Our integrated approach of scenario analysis, compliance checks, and metrics tracking yielded several useful synergy effects between the activities. During scenario analysis, we used the same dependency checking tools as for the compliance checks to measure the impact of an evolution scenario and to identify ripple effects. Additionally, we used the evolution scenario analysis findings to prioritize the tracking of the dependency violations so that critical sensitivity points received more attention. We then condensed the dependency rules for compliance checking into an architectural metric and integrated it into the metrics dashboard to be considered in the context of other metrics. Overall, the approach had a perceived good cost-benefit ratio: scenarios analyses and architecture compliance checks could be set up in a matter of days. The effort for establishing a metrics framework are comparatively high (four to five person-months), but the metrics and tools can be reused later for other systems.
Architecture sustainability needs to be measured and controlled from multiple perspectives. This includes mining different sources of architecture information, ranging from humans to highly automated code reporting. Whereas focusing on scenario analysis wouldn’t prepare us for architecture erosion, focusing on architecture-level code metrics would neglect changing requirements and technologies.
Our Morphosis method for measuring architecture sustainability can be applied with manageable efforts. Still, we can only plan the evolution of a complex software system to a limited extent owing to rapid changes in the IT world. In addition to methods focusing on technical factors, organizational and human factors are also important. For short-term future work, we plan to refine Morphosis by applying it to other ABB systems, which could improve the scenario analysis templates and lead to a revised set of architectural metrics. We will also compare our findings on architecture metrics tracking to current empirical studies to gain an overall understanding of their usefulness.12 We still need longitudinal studies that correlate software maintenance costs with the architectural metrics to enable quantitative cost-benefit analyses. Another direction to explore is augmenting Morphosis with constructive methods for planning software architecture evolution.13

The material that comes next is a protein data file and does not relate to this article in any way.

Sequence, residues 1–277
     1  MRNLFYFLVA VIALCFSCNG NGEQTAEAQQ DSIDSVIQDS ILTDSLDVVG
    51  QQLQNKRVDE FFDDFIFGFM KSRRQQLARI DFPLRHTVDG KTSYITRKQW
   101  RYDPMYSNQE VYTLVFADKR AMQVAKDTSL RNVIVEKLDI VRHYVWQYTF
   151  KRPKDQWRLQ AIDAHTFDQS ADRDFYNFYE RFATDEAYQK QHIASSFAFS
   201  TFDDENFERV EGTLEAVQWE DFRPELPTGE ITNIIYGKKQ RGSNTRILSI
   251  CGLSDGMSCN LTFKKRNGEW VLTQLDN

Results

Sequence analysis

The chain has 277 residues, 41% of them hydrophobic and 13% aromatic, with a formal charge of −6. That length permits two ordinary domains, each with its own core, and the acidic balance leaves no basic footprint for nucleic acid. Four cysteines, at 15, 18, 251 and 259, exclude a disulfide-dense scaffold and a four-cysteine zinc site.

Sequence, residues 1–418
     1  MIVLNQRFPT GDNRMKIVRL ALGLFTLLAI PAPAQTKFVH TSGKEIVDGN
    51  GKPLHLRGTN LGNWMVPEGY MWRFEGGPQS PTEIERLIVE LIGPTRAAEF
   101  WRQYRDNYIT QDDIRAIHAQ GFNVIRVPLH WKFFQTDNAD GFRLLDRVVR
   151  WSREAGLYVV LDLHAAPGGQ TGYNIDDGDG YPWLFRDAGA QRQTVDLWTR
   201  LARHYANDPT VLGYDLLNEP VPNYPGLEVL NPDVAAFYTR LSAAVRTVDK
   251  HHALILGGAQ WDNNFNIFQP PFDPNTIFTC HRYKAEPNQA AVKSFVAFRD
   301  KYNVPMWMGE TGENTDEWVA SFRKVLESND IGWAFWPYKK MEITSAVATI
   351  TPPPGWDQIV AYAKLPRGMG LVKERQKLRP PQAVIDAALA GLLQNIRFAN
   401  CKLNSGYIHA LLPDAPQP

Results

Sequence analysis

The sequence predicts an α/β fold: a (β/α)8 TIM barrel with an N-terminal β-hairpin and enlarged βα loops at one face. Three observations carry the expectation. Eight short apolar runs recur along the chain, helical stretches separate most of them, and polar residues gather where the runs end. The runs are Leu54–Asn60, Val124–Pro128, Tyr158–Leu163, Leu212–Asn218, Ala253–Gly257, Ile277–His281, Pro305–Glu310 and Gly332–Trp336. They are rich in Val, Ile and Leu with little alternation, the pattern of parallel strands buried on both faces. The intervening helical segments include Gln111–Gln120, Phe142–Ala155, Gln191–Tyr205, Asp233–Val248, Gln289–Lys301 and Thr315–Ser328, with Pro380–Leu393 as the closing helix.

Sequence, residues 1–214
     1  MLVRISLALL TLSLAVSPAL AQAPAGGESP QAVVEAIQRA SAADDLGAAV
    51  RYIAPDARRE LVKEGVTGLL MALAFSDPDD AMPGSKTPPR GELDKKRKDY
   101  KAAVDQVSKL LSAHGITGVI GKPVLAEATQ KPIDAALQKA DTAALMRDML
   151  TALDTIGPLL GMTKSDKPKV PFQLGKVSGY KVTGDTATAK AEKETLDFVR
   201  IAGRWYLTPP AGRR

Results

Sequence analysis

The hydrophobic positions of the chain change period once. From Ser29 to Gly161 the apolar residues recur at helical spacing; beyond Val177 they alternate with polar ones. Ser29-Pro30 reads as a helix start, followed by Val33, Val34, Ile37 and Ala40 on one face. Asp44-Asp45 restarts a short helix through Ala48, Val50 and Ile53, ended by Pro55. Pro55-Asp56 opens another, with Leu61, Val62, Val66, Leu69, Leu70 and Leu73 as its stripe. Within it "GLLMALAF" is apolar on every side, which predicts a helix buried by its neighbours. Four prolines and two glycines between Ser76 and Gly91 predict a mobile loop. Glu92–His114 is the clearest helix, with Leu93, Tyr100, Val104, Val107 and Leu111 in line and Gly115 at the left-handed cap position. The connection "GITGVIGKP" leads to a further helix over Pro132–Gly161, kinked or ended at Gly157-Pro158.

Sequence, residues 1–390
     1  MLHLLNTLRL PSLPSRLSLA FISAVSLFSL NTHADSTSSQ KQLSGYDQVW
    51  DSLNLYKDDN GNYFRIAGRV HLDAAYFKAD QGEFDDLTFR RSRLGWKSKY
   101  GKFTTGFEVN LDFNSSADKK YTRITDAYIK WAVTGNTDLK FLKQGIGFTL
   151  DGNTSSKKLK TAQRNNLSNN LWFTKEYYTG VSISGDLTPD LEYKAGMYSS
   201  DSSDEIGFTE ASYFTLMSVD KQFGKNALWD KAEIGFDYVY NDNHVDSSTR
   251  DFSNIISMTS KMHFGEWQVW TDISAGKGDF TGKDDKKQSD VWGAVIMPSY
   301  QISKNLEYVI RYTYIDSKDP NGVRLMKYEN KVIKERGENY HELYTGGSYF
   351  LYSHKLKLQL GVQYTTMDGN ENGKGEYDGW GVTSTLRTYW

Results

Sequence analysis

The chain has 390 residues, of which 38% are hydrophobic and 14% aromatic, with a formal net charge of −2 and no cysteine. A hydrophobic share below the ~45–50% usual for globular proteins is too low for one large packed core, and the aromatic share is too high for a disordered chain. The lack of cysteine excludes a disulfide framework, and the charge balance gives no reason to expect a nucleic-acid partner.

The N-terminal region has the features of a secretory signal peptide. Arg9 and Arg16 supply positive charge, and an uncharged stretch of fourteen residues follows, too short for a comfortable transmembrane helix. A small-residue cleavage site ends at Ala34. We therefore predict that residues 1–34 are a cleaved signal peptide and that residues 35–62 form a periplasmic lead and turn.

Related Work in Architecture-Level Code Metrics
Most work in the area of architecture-level metrics is derived from the module concept described by David Parnas1 and the notions of coupling and cohesion.2 We categorized more than 40 architecture-level code metrics, the full list of which is available elsewhere.3